After Cyrus’s death, Adam and Charles live together on the farm as equals, but the vast differences in their characters and attitudes drive them apart. Charles is cynical and pragmatic, obsessed with work, money, and gain. Adam, meanwhile, is idealistic, uninterested in the financial aspects of life, and longs to travel and see the world. Furthermore, we see that Charles still resents the incident of Cyrus’s birthday gifts, as he uses his memory of the event as the basis for the password that Adam must use to collect money from the telegraph official. Charles and Adam also are deeply divided in their attitudes toward their inheritance from Cyrus: Charles believes that Cyrus stole his fortune, but Adam disagrees, refusing to believe the possibility that their father could ever be dishonest. The narrator explains this disagreement as a result of the fact that Charles loved Cyrus, whereas Adam did not; he says that people are always suspicious and skeptical about those whom they love.
Steinbeck counters this argument about love, however, with his portrayal of Adam’s blind, naïve devotion to the treacherous Cathy Ames. Cathy appears in this section as the novel’s definitive embodiment of evil. Driven by self-hatred, desperation, and a love of pain, she destroys lives without remorse. She uses sex as a weapon, causing her lust-crazed teacher to commit suicide; in fact, later in the novel, she reveals that his depression and desperation over her rejection of him kept her up at night laughing. Cathy murders her parents and becomes a prostitute—apparently out of an insatiable need to be evil—and seems pleased with her decision, as though life as Mr. Edwards’s whore is an improvement over life with her loving parents. As an embodiment of pure evil, Cathy is a perverse caricature of the biblical Eve, who first introduced sin into the world by eating the forbidden fruit. Similarly, Cathy—married, like Eve, to Adam—brings evil into Adam’s world and later gives birth to Cal and Aron, two more characters who directly mirror the biblical Cain and Abel.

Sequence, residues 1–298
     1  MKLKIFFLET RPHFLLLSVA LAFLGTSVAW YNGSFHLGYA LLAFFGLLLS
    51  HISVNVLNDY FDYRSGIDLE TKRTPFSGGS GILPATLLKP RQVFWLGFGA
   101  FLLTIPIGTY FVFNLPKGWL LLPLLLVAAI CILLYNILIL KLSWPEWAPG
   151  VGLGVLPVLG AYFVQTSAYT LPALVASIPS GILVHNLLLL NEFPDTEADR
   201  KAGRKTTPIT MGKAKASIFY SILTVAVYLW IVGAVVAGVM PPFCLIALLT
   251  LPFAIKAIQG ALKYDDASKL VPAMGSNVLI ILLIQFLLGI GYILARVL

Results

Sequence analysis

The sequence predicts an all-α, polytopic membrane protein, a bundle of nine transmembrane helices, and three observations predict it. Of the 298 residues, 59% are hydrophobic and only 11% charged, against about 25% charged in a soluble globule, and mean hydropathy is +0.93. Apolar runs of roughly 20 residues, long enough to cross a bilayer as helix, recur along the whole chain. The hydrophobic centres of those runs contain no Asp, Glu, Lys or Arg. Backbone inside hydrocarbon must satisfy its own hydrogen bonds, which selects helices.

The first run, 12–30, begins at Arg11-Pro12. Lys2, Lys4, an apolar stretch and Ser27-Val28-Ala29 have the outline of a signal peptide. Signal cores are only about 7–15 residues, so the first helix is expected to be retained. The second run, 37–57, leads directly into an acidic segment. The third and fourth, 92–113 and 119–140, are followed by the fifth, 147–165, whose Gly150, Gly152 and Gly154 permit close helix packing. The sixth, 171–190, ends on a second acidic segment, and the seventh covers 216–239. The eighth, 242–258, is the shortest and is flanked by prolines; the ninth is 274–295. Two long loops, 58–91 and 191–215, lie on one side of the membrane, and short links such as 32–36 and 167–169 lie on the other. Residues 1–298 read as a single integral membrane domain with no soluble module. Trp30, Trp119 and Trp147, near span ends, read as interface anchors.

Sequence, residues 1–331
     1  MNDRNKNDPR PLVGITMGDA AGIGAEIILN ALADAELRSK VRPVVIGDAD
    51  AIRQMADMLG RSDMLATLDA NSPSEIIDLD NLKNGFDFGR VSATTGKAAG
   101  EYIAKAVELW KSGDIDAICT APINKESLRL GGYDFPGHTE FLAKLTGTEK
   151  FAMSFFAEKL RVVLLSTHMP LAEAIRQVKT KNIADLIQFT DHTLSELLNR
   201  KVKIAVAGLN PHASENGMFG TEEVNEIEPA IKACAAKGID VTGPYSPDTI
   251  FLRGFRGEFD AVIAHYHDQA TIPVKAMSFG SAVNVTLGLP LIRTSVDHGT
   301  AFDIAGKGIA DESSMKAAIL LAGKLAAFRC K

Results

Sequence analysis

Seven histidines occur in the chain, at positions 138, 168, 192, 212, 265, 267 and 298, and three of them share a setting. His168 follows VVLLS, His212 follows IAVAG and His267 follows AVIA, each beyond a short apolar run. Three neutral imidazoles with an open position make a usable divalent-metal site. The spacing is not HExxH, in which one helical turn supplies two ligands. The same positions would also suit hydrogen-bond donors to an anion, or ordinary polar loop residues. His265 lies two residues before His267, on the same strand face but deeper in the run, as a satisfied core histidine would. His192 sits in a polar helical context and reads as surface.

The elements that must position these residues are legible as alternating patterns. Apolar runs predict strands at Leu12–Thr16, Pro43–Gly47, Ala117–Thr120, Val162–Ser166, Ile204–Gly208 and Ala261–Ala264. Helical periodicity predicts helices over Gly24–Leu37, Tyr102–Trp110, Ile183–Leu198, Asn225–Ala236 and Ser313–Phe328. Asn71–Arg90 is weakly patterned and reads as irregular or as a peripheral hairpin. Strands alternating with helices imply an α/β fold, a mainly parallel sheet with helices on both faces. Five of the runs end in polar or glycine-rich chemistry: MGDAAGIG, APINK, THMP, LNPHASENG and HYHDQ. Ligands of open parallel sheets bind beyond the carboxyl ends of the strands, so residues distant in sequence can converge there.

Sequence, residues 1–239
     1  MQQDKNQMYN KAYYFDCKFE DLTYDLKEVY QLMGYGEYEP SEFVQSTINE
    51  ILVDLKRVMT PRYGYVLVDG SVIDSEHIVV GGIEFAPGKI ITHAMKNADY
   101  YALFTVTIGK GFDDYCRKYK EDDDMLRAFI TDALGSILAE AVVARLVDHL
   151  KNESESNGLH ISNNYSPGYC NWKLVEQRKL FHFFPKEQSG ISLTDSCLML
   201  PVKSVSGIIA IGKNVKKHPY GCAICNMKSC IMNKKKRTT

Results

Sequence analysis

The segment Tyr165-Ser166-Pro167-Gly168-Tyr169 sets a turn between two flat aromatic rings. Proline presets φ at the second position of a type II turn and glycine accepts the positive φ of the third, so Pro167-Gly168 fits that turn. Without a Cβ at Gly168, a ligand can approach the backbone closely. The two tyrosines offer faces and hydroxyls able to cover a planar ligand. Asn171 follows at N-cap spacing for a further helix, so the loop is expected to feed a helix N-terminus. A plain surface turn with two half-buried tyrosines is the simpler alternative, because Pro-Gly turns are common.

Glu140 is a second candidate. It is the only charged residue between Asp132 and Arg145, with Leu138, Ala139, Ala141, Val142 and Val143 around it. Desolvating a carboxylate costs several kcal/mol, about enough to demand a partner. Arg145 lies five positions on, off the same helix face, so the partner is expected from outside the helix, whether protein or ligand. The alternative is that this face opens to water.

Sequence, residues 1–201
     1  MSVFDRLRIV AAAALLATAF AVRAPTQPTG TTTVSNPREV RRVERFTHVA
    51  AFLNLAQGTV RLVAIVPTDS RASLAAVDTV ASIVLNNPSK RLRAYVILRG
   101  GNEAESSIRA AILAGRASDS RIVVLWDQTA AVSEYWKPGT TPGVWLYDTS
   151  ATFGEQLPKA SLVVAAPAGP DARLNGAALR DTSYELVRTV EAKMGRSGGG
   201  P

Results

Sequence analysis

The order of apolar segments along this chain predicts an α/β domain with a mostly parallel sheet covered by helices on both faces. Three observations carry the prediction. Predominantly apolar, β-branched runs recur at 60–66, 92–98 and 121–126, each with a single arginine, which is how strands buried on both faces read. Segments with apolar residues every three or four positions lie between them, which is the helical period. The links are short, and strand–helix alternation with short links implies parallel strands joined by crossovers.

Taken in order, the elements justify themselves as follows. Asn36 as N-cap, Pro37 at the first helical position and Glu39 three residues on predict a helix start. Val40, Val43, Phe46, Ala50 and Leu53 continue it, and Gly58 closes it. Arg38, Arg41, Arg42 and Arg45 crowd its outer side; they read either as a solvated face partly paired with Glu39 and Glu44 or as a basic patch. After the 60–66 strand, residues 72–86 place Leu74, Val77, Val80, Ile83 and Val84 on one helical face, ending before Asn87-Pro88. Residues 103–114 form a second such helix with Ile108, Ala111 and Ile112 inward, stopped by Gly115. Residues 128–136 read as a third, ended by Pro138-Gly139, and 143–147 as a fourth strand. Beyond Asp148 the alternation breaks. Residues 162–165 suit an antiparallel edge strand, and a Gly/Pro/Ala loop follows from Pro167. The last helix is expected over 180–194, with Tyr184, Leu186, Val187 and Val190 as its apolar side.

Charles, in contrast to Adam, is suspicious of Cathy from the start, perhaps because at some level Charles and Cathy seem to be cut from the same cloth. Thus far, Charles is the only character able to out-manipulate Cathy, and he does so to the point that she becomes frightened of him. The fact that Cathy gives herself sexually to Charles on the night of her marriage to Adam highlights her strange connection to Charles as well as the strange connection between the brothers. By the same token, the fact that Charles allows his brother’s wife into his bed shows the extent of his cynicism, hypocrisy, and immorality. Charles would risk killing Cathy to get her out of his house, as keeping a woman could damage his reputation; at the same time, however, when Charles learns that Adam has been drugged and will therefore not discover Charles’s treacherous adultery, he is more than willing to sleep with Cathy on his brother’s wedding night. Although Charles is aware of Cathy’s manipulative nature, he nonetheless gives into temptation and follows the impulse toward evil rather than good.
by Clarinetmast, September 06, 2012
The narrator is actually John Hamilton, the grandson of Samuel Hamilton and the son of Olive Hamilton.
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by readereaterheater, November 19, 2012
Actually, the narrator is John Steinbeck. Olive Hamilton is married to a Steinbeck and the novel often mentions the "Steinbeck House" and her husband and children. It's supposed to be an ironic little pun he puts in there.